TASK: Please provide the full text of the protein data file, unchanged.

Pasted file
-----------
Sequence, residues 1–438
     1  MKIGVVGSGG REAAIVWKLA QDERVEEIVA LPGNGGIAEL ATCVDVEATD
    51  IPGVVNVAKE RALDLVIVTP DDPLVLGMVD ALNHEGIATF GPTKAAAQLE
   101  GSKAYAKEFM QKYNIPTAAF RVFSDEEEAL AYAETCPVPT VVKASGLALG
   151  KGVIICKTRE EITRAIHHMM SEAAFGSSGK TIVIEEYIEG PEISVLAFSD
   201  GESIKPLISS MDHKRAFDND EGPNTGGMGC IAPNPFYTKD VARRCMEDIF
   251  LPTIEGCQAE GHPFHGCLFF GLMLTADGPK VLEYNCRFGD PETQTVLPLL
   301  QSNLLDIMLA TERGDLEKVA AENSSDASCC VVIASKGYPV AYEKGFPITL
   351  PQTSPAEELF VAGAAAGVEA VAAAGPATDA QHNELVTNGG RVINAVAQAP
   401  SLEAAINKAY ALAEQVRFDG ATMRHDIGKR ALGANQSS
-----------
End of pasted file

Sequence, residues 1–438
     1  MKIGVVGSGG REAAIVWKLA QDERVEEIVA LPGNGGIAEL ATCVDVEATD
    51  IPGVVNVAKE RALDLVIVTP DDPLVLGMVD ALNHEGIATF GPTKAAAQLE
   101  GSKAYAKEFM QKYNIPTAAF RVFSDEEEAL AYAETCPVPT VVKASGLALG
   151  KGVIICKTRE EITRAIHHMM SEAAFGSSGK TIVIEEYIEG PEISVLAFSD
   201  GESIKPLISS MDHKRAFDND EGPNTGGMGC IAPNPFYTKD VARRCMEDIF
   251  LPTIEGCQAE GHPFHGCLFF GLMLTADGPK VLEYNCRFGD PETQTVLPLL
   301  QSNLLDIMLA TERGDLEKVA AENSSDASCC VVIASKGYPV AYEKGFPITL
   351  PQTSPAEELF VAGAAAGVEA VAAAGPATDA QHNELVTNGG RVINAVAQAP
   401  SLEAAINKAY ALAEQVRFDG ATMRHDIGKR ALGANQSS